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Unformatted text preview: Practice Prelim 2 Solutions 1. Note that P 4 is a 5dimensional linear space with basis B = { 1 ,x,x 2 ,x 3 ,x 4 } . (a) In terms of the basis B , T a b c = a 2 b + 3 c 3 a + 2 b + c a + 2 b c a + c B = 1 2 3 3 2 1 1 2 1 1 1 · a b c To find the image (and kernel) of T , rowreduce the matrix of T : 1 2 3 3 2 1 1 2 1 1 1  3 R 1 R 1 R 1→ 1 2 3 8 8 4 4 2 2 ÷ 8 ÷ 4 ÷ 2→ 1 2 3 1 1 1 1 1 1  R 2 R 2→ 1 2 3 1 1 The pivots in the first and second columns indicate these columns are independent in the original matrix, so im( T ) = span 1 3 1 1 B ,  2 2 2 B = span 1 + 3 x + x 2 + x 4 , 2 + 2 x + 2 x 2 A basis for im( T ) is given by 1 + 3 x + x 2 + x 4 , 2 + 2 x + 2 x 2 . (b) Set p 1 ( x ) = 1 + 3 x + x 2 + x 4 and p 2 ( x ) = 2 + 2 x + 2 x 2 . Then p ( x ) = ( a + c ) p 1 ( x ) + ( b c ) p 2 ( x ). So the coordinates with respect to the basis 1 + 3 x + x 2 + x 4 , 2 + 2 x + 2 x 2 are a + c b c . (c) For the kernel, the rowreduced matrix gives us the relations x 1 2 x 2 + 3 x 3 = 0 and x 2 x 3 = 0. x 3 is a free variable, so set x 3 = t . Then x 2 = t and x 1 = 2 t 3 t = t . Thus, ker( T ) consists of all vectors  t t t , where t is any real number. So ker( T ) = span  1 1 1 . Alternatively, this problem can be solved by inspection: if we notice the relationship among the columns: ~v 1 ~v 2 = ~v 3 , where ~v i is the i th column of the matrix for T , we obtain the same answers. (Since the rank of the matrix is 2, the ranknullity theorem tells us the nullity must be 1, so we have found eveything in the kernel) 2. (a) W is not a subspace of V . It is not closed under scalar multiplication: I = 1 0 0 1 is in W since I 2 = I . But 2 I is not in W since (2 I ) 2 = 4 I 6 = 2 I . (b) W is a subspace of V : • 0 (ie. the function f ( t ) = 0) is in W : f ( t ) = 0 for all t . In particular, f (3) = 0. • W is closed under scalar multiplication: If f ( t ) is in W and k is a scalar, then d ( kf ) dt = k df dt for all t . So d ( kf ) dt t =3 = k df dt t =3 = k · 0 = 0. Hence, kf ( t ) is in W ....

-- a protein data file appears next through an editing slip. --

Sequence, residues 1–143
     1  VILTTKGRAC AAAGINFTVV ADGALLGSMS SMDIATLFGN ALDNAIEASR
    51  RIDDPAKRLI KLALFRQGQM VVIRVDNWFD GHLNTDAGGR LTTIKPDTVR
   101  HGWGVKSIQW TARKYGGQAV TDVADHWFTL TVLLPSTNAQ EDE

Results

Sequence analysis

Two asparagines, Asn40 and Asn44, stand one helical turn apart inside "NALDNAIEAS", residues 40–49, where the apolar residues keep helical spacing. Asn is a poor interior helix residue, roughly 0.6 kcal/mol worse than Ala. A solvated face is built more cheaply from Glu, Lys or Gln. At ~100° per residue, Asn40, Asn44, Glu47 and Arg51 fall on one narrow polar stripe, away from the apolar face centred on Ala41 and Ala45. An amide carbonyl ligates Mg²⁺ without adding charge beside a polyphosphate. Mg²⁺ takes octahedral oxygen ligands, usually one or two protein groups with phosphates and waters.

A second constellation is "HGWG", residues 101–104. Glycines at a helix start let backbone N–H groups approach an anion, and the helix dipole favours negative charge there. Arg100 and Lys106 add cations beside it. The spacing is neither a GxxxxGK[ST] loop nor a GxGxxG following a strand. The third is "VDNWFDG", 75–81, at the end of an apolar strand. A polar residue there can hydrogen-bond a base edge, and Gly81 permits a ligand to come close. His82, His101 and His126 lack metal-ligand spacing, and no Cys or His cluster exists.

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This note was uploaded on 12/25/2009 for the course MATH 1920 taught by Professor Pantano during the Spring '06 term at Cornell.
 Spring '06
 PANTANO
 Multivariable Calculus

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